I think that the quote is more enlightening, and enlightened, than the paper realizes. My read of the situation is this - that the agencies have awarded far more scholarships than they should have, and in so doing have directly contributed to the bond-breaking problem. Intentions were most probably good when the scholarship schemes were conceived. But honestly, how many Ivy League or Oxbridge graduates does an organization like PSA or SLA really need? Do they really need to bond tens of scholars a year?

My hope is that agencies offering undergraduate scholarships are beginning to realize that bonding large numbers of high-calibre individuals does no one any good when there is no clear understanding of how they will be employed. Unless the right challenges are found for these ambitious scholars, you will always have bond-breakers who leave in frustration. Which leaves the agency equally pissed as well. It is better to not have started the process at all.

Mr Wang has lots more to say on the issue, including answers for those who rue the reduced education funding for those who need it.

Voice & accountability in Singapore lowest in 10 years

According to the World Bank, voice and accountability in Singapore is at its lowest in 10 years, as measured against a sample of 213 countries. In its 2006 report on governance, Singapore scored 38.2 in the category, meaning that it beat only 38.2% of all the countries surveyed on this measure. Singapore had scored highs of 63.8 in 2002 and 59.1 in 1996, but has seen its rating fall drastically in the last three years.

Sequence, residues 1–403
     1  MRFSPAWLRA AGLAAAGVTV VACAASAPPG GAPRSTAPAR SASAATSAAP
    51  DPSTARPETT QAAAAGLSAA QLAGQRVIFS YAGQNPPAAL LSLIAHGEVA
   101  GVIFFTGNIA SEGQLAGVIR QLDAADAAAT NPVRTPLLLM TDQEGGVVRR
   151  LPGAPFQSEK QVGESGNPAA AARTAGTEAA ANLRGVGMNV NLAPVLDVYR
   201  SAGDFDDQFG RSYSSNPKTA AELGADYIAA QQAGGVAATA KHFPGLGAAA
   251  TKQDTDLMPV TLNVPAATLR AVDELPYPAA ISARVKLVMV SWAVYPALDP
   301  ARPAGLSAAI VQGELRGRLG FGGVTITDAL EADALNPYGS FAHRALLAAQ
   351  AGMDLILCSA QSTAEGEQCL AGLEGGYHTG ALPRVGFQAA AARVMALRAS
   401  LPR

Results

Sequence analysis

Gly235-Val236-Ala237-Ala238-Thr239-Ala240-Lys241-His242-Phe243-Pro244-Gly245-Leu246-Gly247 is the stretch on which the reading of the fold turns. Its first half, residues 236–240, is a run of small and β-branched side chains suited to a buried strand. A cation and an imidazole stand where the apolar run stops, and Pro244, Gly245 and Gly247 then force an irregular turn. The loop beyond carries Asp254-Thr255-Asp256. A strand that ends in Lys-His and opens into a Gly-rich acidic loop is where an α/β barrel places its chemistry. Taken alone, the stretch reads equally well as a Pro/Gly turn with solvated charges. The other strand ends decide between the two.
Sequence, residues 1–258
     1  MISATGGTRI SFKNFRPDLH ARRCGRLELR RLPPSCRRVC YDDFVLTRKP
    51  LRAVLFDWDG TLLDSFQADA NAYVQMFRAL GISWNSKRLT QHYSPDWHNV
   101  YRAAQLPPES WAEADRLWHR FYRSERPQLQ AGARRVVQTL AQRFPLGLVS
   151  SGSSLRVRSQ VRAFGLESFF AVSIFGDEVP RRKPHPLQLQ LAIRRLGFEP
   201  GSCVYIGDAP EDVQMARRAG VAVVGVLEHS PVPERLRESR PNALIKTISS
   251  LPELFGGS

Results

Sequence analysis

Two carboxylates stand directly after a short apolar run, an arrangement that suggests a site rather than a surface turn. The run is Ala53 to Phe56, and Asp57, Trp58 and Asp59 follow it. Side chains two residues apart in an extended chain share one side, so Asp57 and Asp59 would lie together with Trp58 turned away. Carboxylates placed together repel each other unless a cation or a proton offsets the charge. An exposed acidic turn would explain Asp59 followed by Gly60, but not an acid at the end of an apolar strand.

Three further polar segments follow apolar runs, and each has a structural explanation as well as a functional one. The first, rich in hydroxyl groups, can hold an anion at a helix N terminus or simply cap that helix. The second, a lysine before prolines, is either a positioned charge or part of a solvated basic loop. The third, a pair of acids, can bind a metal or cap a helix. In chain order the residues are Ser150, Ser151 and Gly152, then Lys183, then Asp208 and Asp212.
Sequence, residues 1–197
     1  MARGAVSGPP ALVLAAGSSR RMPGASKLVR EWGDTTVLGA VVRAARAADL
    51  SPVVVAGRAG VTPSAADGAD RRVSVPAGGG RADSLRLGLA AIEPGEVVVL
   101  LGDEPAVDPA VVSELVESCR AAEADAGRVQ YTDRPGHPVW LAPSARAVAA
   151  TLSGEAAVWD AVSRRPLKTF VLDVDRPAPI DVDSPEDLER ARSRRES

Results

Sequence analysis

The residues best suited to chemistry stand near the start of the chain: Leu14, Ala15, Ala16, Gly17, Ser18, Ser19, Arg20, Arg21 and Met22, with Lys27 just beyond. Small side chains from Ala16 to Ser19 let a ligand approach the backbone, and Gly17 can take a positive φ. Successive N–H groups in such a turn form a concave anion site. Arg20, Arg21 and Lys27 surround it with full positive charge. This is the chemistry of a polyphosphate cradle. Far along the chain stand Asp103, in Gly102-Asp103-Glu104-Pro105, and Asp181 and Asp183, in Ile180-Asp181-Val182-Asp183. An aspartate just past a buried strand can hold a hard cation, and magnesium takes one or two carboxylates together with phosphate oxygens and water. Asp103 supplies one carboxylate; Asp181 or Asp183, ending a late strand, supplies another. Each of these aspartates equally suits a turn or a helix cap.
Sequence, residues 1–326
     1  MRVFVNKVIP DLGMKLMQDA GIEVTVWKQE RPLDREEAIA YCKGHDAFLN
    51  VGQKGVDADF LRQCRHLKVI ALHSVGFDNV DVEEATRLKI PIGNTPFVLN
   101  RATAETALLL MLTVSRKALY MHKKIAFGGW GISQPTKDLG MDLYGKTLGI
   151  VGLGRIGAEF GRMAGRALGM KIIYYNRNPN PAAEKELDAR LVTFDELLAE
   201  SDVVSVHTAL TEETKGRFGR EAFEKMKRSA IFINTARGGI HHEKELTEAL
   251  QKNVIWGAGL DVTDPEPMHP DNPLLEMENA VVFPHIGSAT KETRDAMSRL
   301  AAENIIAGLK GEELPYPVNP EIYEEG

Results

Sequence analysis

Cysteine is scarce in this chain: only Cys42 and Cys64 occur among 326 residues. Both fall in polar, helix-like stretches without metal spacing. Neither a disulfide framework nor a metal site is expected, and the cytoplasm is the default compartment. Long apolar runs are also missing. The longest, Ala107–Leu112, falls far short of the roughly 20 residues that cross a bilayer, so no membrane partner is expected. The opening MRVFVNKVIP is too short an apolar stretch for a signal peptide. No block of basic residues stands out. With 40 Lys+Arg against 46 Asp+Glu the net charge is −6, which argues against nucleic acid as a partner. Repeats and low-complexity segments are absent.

The World Bank defines voice and accountability as the extent to which a country’s citizens are able to participate in selecting their government, as well as freedom of expression, freedom of association, and free media. I'm still digging into the World Bank's comprehensive website on the survey to see if I can find the exact reason for the decline, but by any measure, the result looks pretty dire.

Meanwhile, I pulled a couple of interesting charts from the site. First, a chart comparing the voice and accountability scores of 20 East Asian countries. At a glance, one can imagine calls of "Look at Taiwan! Look at South Korea! Do we want to be like them?!"

Now let's look at the same chart for 20 OECD countries. Will we then say "Look at Switzerland, Australia, UK and Japan! We do want to be like them!" Food for thought. Click here for a basic table of the World Governance Indicators for each country.